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Mini-Screenies Variety Pack.

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Stephen R

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I haven't done much procedural generation before so I decided to read up on it and make a few samples two days ago. I went to various demo sites to see where they recommend precedural-n00bs such as myself start off. Everything seemed to point to starting with old school 2d effects as being a good starting point, so I decided to build some.

The first I did was the classic plasma effect. This was quite easy once I got everything set up. What I found really interesting here was how various waves could be added together and their results. The number is the frame rate. I used this app as the basis for the latter demos which will explain various reading later on.


Next I did the fire effect, again a classic effect. Nothin too interesting here appart from the basic fire generation mechanism which was kind of cool. I think it looks nice though.


Then I decided to make up something (or at least do something that I hadn't seen done too often before). So I made a 2d pseudo-metaball demo. Basically three little balls fly around each other and their colors are added together when they overlap. What was interesting here was messing around with generating different palletes and getting the colors to change at specific rates. These three demos look better animated.


After the success of the meta balls I decided to see how many little balls I could coordinate at once so I decided to make a small galaxy generator out of simple particles. The frame rate here represents how many renders are done per second, but it is only updated every 50ms. I couldn't find anything on galaxy generation after a 5 minute google, so I just wrote a 5 pronged particle emitter and let it run (4 prongs ended up look a bit hitler-esque). This looks WAY better when its animated, but this should give you an idea of what it looks like.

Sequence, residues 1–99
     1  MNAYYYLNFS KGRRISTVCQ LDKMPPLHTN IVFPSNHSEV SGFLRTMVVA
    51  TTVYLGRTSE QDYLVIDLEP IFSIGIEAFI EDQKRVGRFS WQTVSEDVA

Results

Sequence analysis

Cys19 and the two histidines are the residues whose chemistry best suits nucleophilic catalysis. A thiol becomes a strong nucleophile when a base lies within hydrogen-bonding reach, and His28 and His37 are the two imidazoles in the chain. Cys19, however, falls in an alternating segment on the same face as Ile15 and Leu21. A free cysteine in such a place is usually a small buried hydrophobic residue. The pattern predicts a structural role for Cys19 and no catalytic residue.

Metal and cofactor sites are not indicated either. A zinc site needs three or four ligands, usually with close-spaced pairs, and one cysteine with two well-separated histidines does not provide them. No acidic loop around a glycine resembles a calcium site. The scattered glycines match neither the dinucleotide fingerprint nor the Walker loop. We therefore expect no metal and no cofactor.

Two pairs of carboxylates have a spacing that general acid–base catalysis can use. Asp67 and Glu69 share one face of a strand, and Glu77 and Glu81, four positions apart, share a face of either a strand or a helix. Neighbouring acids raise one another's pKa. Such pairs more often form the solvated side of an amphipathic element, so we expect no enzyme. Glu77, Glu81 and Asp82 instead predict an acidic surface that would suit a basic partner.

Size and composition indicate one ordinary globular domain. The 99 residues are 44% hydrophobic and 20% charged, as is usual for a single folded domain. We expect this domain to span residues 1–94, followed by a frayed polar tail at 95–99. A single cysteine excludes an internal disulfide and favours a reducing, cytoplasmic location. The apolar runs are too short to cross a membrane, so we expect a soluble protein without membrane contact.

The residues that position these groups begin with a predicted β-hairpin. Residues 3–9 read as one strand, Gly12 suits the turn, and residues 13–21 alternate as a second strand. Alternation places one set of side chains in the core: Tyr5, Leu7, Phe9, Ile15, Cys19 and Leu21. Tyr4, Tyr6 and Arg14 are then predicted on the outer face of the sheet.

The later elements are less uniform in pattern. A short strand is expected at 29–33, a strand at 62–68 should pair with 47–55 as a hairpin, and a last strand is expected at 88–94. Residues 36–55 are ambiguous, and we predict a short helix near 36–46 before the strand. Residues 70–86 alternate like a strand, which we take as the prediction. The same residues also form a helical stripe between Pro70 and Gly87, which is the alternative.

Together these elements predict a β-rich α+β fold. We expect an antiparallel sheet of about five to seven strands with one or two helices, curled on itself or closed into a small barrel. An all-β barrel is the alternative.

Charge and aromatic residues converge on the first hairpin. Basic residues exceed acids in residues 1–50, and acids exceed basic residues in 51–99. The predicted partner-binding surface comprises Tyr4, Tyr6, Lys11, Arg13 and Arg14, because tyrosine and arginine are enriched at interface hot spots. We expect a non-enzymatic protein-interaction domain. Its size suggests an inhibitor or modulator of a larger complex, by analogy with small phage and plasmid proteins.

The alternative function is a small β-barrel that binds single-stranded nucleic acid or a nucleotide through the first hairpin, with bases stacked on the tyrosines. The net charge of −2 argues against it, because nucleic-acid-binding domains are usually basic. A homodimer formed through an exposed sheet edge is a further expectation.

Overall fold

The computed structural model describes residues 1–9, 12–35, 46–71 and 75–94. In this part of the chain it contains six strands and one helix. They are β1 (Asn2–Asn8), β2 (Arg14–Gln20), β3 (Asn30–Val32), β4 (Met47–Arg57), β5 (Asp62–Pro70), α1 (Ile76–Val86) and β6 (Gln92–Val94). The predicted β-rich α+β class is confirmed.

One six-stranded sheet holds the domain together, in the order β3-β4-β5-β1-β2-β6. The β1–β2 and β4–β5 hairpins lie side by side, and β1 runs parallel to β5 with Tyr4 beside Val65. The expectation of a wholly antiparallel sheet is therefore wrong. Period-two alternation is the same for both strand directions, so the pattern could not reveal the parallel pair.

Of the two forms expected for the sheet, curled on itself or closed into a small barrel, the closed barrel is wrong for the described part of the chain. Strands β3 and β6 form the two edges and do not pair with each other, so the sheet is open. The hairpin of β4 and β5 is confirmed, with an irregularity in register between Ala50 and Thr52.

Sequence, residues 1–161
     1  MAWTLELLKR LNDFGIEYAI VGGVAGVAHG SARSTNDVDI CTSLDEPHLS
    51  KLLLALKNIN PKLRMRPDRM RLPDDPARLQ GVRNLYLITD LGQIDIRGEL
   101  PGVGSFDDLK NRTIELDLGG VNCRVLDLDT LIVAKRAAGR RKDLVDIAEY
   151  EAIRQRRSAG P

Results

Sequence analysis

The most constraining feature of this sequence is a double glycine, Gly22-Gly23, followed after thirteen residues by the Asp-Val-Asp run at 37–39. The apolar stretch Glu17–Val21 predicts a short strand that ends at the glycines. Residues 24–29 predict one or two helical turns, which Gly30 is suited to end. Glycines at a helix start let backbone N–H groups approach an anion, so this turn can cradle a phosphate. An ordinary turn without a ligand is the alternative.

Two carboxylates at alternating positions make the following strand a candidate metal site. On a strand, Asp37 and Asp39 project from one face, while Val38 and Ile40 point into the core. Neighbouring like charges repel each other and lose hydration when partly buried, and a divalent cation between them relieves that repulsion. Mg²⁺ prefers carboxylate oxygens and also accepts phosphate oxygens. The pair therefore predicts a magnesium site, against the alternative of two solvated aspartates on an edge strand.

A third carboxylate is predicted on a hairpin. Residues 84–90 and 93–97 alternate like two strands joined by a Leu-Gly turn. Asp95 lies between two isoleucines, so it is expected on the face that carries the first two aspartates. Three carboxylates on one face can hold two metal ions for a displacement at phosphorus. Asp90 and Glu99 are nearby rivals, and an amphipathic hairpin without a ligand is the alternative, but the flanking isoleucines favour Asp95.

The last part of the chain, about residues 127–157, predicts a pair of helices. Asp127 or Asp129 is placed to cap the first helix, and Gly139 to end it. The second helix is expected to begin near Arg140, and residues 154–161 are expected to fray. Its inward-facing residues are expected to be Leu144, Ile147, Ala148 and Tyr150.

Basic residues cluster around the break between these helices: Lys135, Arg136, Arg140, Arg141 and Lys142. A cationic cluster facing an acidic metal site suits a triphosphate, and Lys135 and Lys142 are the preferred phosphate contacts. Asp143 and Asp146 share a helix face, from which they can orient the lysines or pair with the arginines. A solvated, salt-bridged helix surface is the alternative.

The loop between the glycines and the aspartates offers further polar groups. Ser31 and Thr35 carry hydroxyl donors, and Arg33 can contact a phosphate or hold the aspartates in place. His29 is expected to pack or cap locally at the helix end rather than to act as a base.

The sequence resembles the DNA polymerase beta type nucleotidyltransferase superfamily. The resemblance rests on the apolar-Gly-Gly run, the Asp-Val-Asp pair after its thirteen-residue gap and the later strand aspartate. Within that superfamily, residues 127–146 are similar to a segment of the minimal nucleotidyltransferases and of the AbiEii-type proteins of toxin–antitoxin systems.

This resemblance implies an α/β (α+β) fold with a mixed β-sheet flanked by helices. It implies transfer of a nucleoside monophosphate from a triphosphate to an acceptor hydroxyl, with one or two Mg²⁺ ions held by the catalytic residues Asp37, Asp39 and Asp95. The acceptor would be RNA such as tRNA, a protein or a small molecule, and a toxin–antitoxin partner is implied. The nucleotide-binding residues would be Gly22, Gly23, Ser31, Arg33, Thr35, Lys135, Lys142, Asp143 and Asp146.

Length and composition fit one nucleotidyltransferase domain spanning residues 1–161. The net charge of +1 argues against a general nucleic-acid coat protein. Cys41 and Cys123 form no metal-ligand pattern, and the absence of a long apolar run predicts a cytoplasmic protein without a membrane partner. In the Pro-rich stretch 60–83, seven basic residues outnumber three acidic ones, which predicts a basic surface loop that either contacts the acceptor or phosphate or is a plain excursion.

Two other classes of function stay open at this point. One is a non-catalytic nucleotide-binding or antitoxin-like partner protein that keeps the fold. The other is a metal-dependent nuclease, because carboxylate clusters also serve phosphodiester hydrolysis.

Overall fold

Then I decided to write a perlin noise generator. This was really interesting for several reasons. The first was the bilinear smoothing which was just plain cool. The second was how the different magnifications were added together to result in the final noise. I used yellow here because the other colors just looked crap. Framerate means nothing here, I generate once and render for ever.


Next I went on to combining the noise with some simple sin waves to create a marble effect. This took about two minutes to add on top of the perlin noise app, but the result was really nice. This showed a different method of combining data with waves which was interesting.


Well that enough of my little pics for now. If you happened to bypas this stuff for whatever reason on your path to gamedev I really recommend going back to it, its really cool stuff. I may or may not have more demos in the near future. I have to think up a few more to make.
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Great stuff. Of course, the really fun bit with procedural textures is being given an end result and trying to come up with code to generate it [smile]

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Steve, there's a lot of good stuff in Hugi on combining this kind of stuff to make nice, realistic textures.

Do some procedural 3d stuff as well, it's much more satisfying. That perlin noise is really cool though.

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Hey, I'd almost forgotten about Hugi. Its been a while since I've read them, but they're still floating around on my machine so I'll look over them again. And I'm just starting work on the first 3d demo, so there'll be screenies of that whenever its working.

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